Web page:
UK health volunteers head to S Leone to tackle Ebola

2014-11-23 08:18
File: AP

File: AP

Multimedia   ·   User Galleries   ·   News in Pictures Send us your pictures  ·  Send us your stories

London - A first group of volunteers from Britain's state National Health Service left for Sierra Leone on Saturday to join the Ebola epidemic fight-back.

More than 30 NHS workers flew out of London Heathrow Airport and were due to arrive in the capital Freetown on Sunday for a week of training before moving to British-built treatment centres around the west African country.

The group includes doctors, nurses, clinicians, psychiatrists and emergency medicine consultants.

"I found myself less and less able to hear about the evolving situation in west Africa and the increasing loss of life and do nothing. I felt I just had to go," said Doctor Hannah Ryan, 29, from the intensive care unit at Aintree University Hospital in Liverpool, northwest England.

Doctor James Lavers, 37, an intensive care registrar from Bangor in northwest Wales, said: "This could be the biggest medical disaster of my lifetime, killing hundreds of thousands of people in the region. To prevent this from happening and save vast numbers of lives, large-scale intervention has to happen now."

The volunteers have gone through nine days of intensive training at a specialist Ministry of Defence unit in northern England, which has a replica treatment centre.

Biggest responses

More than 1 000 NHS workers have put their names forward and more teams of British volunteers are due to go out to Sierra Leone over the coming weeks.

More than 5 000 people have died in the west African Ebola outbreak and more than 15 000 have been infected.

Recent data has shown a decline in cases in Liberia, the worst-hit country, and Guinea, but last week, 533 new cases were reported in Sierra Leone - the highest weekly tally since the epidemic began in that country.

"Our fight against Ebola in west Africa is one of Britain's biggest responses to a disease outbreak," said International Development Secretary Justine Greening.

"But to beat Ebola we desperately need the experience and dedication of skilled doctors and nurses to care for the thousands of sick and dying patients who are not receiving the treatment they need."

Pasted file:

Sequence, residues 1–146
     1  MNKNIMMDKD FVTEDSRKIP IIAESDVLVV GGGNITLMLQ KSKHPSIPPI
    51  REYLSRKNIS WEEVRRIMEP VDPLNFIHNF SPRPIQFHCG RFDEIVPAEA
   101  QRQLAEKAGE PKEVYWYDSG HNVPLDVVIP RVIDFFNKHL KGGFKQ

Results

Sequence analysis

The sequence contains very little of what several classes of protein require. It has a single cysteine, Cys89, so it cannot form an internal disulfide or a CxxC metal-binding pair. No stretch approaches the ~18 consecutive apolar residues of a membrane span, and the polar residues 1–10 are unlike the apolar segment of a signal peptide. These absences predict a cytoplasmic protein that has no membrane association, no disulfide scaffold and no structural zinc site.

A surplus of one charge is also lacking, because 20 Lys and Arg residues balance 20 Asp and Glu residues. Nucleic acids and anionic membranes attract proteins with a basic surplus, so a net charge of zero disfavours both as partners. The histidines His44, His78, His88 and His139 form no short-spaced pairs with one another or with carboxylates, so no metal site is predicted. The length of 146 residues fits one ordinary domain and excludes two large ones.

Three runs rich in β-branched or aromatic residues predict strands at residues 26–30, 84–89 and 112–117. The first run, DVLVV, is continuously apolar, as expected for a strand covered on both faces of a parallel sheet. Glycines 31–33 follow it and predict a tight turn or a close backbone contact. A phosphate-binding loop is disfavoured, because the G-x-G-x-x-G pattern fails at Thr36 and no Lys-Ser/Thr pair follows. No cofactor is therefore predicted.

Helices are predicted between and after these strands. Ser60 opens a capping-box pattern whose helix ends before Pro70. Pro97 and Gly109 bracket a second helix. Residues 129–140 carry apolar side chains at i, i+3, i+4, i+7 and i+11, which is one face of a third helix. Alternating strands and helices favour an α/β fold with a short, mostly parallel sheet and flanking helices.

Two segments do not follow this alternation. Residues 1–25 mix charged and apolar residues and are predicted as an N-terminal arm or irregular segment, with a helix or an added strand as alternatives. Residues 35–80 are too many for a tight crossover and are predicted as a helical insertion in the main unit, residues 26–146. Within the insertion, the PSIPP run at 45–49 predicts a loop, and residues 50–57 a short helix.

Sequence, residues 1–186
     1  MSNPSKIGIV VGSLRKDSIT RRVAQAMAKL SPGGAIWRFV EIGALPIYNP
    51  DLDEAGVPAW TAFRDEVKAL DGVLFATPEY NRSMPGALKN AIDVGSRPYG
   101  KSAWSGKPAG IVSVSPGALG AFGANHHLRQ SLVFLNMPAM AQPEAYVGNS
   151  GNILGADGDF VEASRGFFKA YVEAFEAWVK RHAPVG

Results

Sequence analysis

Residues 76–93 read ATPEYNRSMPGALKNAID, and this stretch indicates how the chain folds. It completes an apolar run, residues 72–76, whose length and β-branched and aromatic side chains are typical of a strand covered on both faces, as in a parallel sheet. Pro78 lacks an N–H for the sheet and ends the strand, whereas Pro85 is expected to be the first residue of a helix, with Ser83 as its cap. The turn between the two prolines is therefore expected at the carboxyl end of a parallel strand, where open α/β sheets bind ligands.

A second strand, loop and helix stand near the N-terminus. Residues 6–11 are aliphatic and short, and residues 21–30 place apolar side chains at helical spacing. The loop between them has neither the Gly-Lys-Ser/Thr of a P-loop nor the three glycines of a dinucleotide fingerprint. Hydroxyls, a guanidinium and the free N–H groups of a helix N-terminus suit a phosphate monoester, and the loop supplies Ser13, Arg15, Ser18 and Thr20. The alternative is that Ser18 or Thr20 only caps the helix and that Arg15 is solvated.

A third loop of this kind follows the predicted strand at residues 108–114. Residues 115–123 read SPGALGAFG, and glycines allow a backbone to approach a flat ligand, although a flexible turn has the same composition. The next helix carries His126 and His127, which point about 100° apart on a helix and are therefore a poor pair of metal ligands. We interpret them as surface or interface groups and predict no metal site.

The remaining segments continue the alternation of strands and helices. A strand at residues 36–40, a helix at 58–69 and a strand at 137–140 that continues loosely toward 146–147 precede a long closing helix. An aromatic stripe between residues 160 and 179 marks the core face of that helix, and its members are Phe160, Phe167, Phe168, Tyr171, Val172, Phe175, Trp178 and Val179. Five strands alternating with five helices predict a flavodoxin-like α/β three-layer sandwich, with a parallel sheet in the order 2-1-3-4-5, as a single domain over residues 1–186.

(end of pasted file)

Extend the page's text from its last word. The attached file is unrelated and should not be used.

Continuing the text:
One UK-built treatment centre is already open in the former British colony of Sierra Leone, with a further five to open in the coming weeks, with a total of 700 beds between them.

Cuba, Norway, Australia, New Zealand and Denmark have committed to providing health workers to staff the British treatment centres alongside the NHS volunteers.

Read more on:    sierra leone  |  health  |  west africa  |  ebola

Join the conversation! encourages commentary submitted via MyNews24. Contributions of 200 words or more will be considered for publication.

We reserve editorial discretion to decide what will be published.
Read our comments policy for guidelines on contributions. publishes all comments posted on articles provided that they adhere to our Comments Policy. Should you wish to report a comment for editorial review, please do so by clicking the 'Report Comment' button to the right of each comment.

Comment on this story
Comments have been closed for this article.

Inside News24


Book flights

Compare, Book, Fly

Traffic Alerts
There are new stories on the homepage. Click here to see them.


Create Profile

Creating your profile will enable you to submit photos and stories to get published on News24.

Please provide a username for your profile page:

This username must be unique, cannot be edited and will be used in the URL to your profile page across the entire network.


Location Settings

News24 allows you to edit the display of certain components based on a location. If you wish to personalise the page based on your preferences, please select a location for each component and click "Submit" in order for the changes to take affect.

Facebook Sign-In

Hi News addict,

Join the News24 Community to be involved in breaking the news.

Log in with Facebook to comment and personalise news, weather and listings.